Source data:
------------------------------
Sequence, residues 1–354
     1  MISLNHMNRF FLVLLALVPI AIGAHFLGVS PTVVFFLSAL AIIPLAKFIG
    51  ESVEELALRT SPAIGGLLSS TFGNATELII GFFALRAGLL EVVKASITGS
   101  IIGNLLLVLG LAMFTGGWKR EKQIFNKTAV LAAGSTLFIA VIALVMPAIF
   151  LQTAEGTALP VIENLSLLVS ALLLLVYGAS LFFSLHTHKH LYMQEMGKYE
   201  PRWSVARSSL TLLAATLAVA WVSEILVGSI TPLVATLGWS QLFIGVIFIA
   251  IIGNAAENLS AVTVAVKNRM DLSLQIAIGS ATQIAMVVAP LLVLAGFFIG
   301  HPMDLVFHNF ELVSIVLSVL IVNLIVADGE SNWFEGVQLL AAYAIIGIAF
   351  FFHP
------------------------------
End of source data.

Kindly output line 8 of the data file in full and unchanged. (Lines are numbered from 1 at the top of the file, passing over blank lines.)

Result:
   301  HPMDLVFHNF ELVSIVLSVL IVNLIVADGE SNWFEGVQLL AAYAIIGIAF